When perfectionism bites...

Poster Girl for Awesomeness- Lena Dunham. Also, how imperfect is this pic, but it works!

Poster Girl for Awesomeness- Lena Dunham. Also, how imperfect is this pic, but it works!

Hey perfectionistas

(Yup I made up a new word, a nice lil combo of perfectionistic and sistas, clever).

I wrote this for you.

Last week I shared a story of my struggles with perfectionism in the 'inner me love letter'. Today, let's delve deeper into the depths of perfectionism and find ways to kick it to the curb, so to speak. It's big for me and I know it's an underlying cause of icky anxiousness for plenty of you.

Once upon a time I kinda liked the word perfectionism (I know, nuts) it was as if it were a nice label to put upon myself. 'Hi I'm Sarah, I'm a perfectionist' has a nice ring to it don't you think? I thought it sounded like a perfect 'problem' to have. It just means I work hard, try really hard and strive for great results, no issue here, even my 'problems' are wonderful! 

The more I learn about perfectionism, the less I like it and the less I want to be associated with it and it's pain in the ass tactics. Sometimes perfectionism shows up as a sore belly, sometimes it's overwhelm washing over me in constant waves, sometimes it's my feet turned to concrete, making it near impossible to take my next step. Sometimes it's the thing that motivates me, more often than not it's the very thing that tires me and has me chasing my metaphorical tail, hustling for my worthiness.

That's the key here isn't it, the underlying issue is the belief that we're not worthy enough if we can't do things perfectly. It's like telling ourselves 'If I do everything well enough, wonderfully enough, I've earned the air I breathe'. This is the really f&*@ed up message behind perfectionism, that we're not good enough as we are. It dictates that our worth is measured only by our performance of life tasks, how clean our homes are, how brilliant our work is, how awesome we are as a friend, how pretty our face is and how wonderfully (and apparently effortlessly) constructed our outfit is. Just excuse me a moment, I'm feeling so exhausted writing this... I need to catch a breath. 

Are you really a perfectionist?

If you're anything like me, you may have at some stage thought to yourself 'Oh I'm not a perfectionist, I pretty much never get anything perfect and often I don't even try'. If that's you, don't be fooled, that sounds a lot like the voice of perfectionism, rating your ineffectiveness at being perfect! Shouldn't you be trying harder? Of course there are all the times you don't even strive for perfection, because there's not time, whatever it is isn't that important. But, do you still feel a little niggle somewhere wishing that it could have been done a bit better? 'Uh yeah. Of course, but isn't that normal?' Yes, for perfectionists it is, it's a daily occurrence. Sometimes we're aware of it, often it goes undetected as an unrealistic expectation and we're just left with a little more uncertainty of our enough-ness.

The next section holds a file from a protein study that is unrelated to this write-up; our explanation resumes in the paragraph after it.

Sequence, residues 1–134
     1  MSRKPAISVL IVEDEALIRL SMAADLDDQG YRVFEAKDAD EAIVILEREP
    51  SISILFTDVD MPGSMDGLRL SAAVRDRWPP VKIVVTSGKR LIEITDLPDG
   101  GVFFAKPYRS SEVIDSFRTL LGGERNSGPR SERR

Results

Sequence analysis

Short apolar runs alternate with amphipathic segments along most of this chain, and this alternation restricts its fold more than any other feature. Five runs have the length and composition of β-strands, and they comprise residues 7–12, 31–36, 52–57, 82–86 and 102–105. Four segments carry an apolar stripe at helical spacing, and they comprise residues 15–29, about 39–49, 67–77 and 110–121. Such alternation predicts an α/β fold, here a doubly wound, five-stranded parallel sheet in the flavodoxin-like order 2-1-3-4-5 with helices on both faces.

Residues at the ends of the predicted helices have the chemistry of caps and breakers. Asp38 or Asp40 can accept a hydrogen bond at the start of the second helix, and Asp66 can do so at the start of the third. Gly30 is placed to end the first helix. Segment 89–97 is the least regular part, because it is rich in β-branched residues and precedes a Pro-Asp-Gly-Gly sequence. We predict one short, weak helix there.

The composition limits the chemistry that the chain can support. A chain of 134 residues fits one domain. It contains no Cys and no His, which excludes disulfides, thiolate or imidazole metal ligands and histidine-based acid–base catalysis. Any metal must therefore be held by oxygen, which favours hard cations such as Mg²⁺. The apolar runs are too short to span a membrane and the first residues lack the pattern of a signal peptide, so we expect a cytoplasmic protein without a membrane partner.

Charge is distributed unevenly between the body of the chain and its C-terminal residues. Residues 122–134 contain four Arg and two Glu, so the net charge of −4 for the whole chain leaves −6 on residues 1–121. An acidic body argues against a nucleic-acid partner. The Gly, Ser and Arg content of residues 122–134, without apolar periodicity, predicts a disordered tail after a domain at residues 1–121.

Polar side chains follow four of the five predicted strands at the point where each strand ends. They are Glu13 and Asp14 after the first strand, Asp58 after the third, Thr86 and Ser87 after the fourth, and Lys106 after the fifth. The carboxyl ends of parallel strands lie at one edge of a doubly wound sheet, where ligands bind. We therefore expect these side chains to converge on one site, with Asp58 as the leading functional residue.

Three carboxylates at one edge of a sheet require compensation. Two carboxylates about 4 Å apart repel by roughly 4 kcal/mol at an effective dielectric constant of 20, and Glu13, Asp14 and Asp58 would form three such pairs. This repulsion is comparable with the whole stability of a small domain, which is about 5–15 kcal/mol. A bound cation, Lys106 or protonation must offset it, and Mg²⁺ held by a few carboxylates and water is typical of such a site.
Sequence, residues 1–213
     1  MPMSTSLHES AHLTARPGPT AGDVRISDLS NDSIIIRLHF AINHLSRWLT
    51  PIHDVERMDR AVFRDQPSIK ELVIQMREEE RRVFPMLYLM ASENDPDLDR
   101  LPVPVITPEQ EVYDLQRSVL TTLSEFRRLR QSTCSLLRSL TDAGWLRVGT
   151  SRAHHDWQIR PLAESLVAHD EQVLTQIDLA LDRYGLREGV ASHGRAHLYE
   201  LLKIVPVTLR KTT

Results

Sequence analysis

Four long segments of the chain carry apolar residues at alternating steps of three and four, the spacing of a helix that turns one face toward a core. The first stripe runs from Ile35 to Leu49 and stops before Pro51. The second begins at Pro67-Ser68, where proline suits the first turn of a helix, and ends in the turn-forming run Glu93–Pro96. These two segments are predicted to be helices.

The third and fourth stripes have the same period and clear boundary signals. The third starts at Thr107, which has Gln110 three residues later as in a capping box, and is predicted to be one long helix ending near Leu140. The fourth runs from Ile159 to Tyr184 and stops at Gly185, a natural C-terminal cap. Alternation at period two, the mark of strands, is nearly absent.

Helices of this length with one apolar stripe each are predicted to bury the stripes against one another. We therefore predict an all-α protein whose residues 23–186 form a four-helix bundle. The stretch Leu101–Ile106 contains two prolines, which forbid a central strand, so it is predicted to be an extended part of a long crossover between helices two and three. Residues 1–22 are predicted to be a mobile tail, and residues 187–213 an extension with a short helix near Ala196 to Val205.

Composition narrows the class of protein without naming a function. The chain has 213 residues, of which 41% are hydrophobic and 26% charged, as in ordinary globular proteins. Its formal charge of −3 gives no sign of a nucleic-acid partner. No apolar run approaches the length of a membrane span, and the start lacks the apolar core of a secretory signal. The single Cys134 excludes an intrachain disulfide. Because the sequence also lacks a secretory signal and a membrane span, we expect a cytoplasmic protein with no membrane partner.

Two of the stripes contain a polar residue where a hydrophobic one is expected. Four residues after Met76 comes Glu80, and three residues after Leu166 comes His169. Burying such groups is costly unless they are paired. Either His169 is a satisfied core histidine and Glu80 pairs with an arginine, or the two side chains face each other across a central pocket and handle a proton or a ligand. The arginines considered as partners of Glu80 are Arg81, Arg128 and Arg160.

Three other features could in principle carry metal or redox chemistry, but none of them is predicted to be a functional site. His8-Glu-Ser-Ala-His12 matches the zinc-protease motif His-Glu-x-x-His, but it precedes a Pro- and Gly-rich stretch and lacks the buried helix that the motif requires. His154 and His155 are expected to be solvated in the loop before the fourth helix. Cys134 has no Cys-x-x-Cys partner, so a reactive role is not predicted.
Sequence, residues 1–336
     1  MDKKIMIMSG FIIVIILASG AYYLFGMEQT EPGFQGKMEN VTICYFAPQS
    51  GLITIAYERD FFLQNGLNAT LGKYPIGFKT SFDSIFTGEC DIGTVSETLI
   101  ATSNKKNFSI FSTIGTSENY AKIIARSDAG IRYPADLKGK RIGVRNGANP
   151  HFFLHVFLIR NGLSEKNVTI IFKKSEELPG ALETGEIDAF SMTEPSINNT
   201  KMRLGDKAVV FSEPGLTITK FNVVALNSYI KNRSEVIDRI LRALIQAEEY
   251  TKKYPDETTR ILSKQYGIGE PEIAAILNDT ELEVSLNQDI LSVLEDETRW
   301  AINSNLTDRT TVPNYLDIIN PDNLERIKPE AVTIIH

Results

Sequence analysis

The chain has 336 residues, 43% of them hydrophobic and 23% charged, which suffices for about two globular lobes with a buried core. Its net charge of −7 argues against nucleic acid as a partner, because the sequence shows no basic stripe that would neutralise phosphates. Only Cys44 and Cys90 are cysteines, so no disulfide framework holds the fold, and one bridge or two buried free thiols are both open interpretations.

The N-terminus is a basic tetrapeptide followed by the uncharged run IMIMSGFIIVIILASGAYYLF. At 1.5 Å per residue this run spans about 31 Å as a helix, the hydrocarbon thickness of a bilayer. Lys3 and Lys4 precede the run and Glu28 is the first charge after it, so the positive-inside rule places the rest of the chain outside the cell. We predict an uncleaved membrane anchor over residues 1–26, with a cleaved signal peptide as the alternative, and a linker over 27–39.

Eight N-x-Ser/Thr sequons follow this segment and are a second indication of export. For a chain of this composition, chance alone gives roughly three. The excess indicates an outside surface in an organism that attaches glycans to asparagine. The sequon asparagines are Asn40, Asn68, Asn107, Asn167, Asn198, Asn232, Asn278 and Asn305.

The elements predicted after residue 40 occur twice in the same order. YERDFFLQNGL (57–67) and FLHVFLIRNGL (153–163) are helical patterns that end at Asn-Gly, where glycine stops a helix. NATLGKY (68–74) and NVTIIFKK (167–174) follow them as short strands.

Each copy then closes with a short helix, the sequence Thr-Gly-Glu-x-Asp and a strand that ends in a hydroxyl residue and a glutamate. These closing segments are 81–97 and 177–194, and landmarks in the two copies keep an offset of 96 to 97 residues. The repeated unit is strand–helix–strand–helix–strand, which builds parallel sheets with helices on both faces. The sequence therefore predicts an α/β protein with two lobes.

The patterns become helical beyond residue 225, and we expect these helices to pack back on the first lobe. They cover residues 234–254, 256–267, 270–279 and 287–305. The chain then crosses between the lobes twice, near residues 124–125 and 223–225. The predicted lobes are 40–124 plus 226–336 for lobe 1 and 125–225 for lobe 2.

The invitation:

Today I invite you to just become aware of how perfectionism might be playing out in your life, observe the tactics your mind comes up with to tell you you're not quite good enough. Awareness will simply help to create enough space for the thoughts to no longer be absolutely 100% believable. If thoughts become a little less certain, they lose some of their power- consequently you regain yours. When you can see stuff for what it is, that's clarity...and then, comes the ease.

I'm currently reading Brene Brown's 'The Gifts of Imperfection'; she says:

Loving and accepting ourselves are the ultimate acts of courage. In a society that says, 'Put yourself last,' self-love and self-acceptance are almost revolutionary.

Try it? Try radical self-acceptance, the radical part is about not putting it off until you're feeling, acting, doing differently- aka until you're more worthy. Get radical, do self-love now, why put off until tomorrow what you can do today? 

Still not convinced? Have you noticed that your impossibly high standards for yourself end up as a basis for your judgments of others? Do you get frustrated by people being imperfect, coming up with average output? Often when we judge ourselves harshly we do so of others too, just because you're not saying it out loud doesn't mean it's not happening..and doesn't mean it's not making your life more stressful than it need be.